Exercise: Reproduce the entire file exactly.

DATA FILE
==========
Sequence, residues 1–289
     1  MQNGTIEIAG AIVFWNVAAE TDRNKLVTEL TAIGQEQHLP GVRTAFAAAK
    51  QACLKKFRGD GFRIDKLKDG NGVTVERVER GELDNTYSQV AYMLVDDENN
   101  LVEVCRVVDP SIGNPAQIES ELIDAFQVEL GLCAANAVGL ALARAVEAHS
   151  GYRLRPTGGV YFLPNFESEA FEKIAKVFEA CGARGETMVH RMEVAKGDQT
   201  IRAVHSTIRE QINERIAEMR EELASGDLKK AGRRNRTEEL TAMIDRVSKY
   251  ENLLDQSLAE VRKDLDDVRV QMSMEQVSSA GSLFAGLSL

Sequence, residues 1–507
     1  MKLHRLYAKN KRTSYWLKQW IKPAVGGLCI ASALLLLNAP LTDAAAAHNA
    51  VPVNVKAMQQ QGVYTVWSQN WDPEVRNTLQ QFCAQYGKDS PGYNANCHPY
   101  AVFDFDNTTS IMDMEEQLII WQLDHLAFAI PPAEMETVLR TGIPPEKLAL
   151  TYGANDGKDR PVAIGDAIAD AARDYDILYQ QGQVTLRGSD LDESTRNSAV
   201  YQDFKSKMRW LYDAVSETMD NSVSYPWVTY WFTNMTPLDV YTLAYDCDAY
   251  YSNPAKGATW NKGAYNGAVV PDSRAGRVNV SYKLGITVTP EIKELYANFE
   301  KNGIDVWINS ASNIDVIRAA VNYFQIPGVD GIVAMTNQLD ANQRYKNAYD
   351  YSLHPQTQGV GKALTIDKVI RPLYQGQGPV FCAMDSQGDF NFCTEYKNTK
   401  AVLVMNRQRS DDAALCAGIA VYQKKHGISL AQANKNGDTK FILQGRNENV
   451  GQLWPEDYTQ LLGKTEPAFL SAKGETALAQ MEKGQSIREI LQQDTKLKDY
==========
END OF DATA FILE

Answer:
Sequence, residues 1–289
     1  MQNGTIEIAG AIVFWNVAAE TDRNKLVTEL TAIGQEQHLP GVRTAFAAAK
    51  QACLKKFRGD GFRIDKLKDG NGVTVERVER GELDNTYSQV AYMLVDDENN
   101  LVEVCRVVDP SIGNPAQIES ELIDAFQVEL GLCAANAVGL ALARAVEAHS
   151  GYRLRPTGGV YFLPNFESEA FEKIAKVFEA CGARGETMVH RMEVAKGDQT
   201  IRAVHSTIRE QINERIAEMR EELASGDLKK AGRRNRTEEL TAMIDRVSKY
   251  ENLLDQSLAE VRKDLDDVRV QMSMEQVSSA GSLFAGLSL

Sequence, residues 1–507
     1  MKLHRLYAKN KRTSYWLKQW IKPAVGGLCI ASALLLLNAP LTDAAAAHNA
    51  VPVNVKAMQQ QGVYTVWSQN WDPEVRNTLQ QFCAQYGKDS PGYNANCHPY
   101  AVFDFDNTTS IMDMEEQLII WQLDHLAFAI PPAEMETVLR TGIPPEKLAL
   151  TYGANDGKDR PVAIGDAIAD AARDYDILYQ QGQVTLRGSD LDESTRNSAV
   201  YQDFKSKMRW LYDAVSETMD NSVSYPWVTY WFTNMTPLDV YTLAYDCDAY
   251  YSNPAKGATW NKGAYNGAVV PDSRAGRVNV SYKLGITVTP EIKELYANFE
   301  KNGIDVWINS ASNIDVIRAA VNYFQIPGVD GIVAMTNQLD ANQRYKNAYD
   351  YSLHPQTQGV GKALTIDKVI RPLYQGQGPV FCAMDSQGDF NFCTEYKNTK
   401  AVLVMNRQRS DDAALCAGIA VYQKKHGISL AQANKNGDTK FILQGRNENV
   451  GQLWPEDYTQ LLGKTEPAFL SAKGETALAQ MEKGQSIREI LQQDTKLKDY